From the first afternoon we arrived many, many, many years ago on a bright June day before Rob’s first interview at the university, we both fell in love with the place. Despite tricky finances and a collapsing housing market, we bought a lovely little terraced house, got our first dog (the wonderful Amber), survived various professional crises and, most memorable of all, celebrated the birth of our daughter, Lauren.

Years went by ...

Work took us to Kenilworth, and beyond, but now ... we’re back. Back to Bath. 


It has a wonderful sound. And since we’ve been here, the weather has been simply superb. Day after day of dazzling autumn sunshine, just as we enjoyed all those years ago when we first arrived and would trundle down to the Viaduct, a great little pub near the aqueduct and sit outside in the gorgeous sunshine. Some things have changed, but in many others, time seems to have stood still.


I’m taking so many pictures, my camera batteries keep running out – and I have three!


Today, I’ve contented myself with some simple shots of the surrounding countryside. Much more to come. Much, much more.

Happy sighs.

Now, where was I with that last manuscript?

Saturday, 17 September 2016

Phantasy photo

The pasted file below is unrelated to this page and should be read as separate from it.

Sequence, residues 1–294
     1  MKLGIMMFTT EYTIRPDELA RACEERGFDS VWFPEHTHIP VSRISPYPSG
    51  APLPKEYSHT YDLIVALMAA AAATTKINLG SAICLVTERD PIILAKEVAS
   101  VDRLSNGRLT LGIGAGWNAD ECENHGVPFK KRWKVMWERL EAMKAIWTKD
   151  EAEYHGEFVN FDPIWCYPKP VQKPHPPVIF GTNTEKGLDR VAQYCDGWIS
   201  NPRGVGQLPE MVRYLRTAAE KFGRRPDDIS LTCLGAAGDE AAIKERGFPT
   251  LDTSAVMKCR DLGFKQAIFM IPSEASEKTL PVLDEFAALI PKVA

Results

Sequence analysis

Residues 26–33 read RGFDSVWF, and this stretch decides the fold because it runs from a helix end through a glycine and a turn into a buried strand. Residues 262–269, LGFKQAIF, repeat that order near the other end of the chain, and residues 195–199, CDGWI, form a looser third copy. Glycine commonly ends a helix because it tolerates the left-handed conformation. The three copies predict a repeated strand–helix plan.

Photo taken in a Welsh forest near Llanwyrtd Wells. Inspiration for a fantasy story or what?

The next day, the toadstools had completely vanished. And yes, I'm watching Stranger Things.

Thursday, 15 September 2016

I think I’ve found my niche


Whenever I visit a garden, I’m drawn to the quietest corner, imagining how to recreate a mini-oasis of calm and inspiration.

Recently, I had the luck to visit Wallington in Northumberland, and found the perfect niche.


A joyous combination of modest asplenium ferns, alchemilla and lobelia set in a Regency-era horse-shoe enclosure facing the sun.

Frosted greens and navy are definitely my favourite combination for tranquillity. Add a lichen-encrusted stone feature, a bench and sundry hostas in pots, and I’m in heaven.


A small, naturalesque waterfall gurgled discreetly, reminding me of a wry comment by Alan Titchmarsh, amused at a large garden fountain, commenting that ot sounded like a large equine relieving itself into a deep trough. Oh, dear. I still can’t walk past ostentatious water features without wondering where the nearest loo is.

I may never aspire to the view they have at Wallington, but when we move house, I now have my wish list.

PS I discovered that the gardener at Wallington used to work at Packwood House -- another of my favourite haunts.

Thursday, 1 September 2016

Impressions of Edinburgh

Our daughter Lauren has just finished her taught Masters (MSc in Global Middle Ages) at Edinburgh.


Where did the time go? I think we all know more about whelks, wheelbarrows, pigs and bagpipes than is strictly healthy.

After a great five years, concluding with fabulous month in Edinburgh, it's time to celebrate ... and say a fond farewell to Grindlay Street. Great wee flat and a super view of the castle.

Well done, poppet! A major milestone.


PS I just took the photos using my phone but it's given things an Impressionist vibe.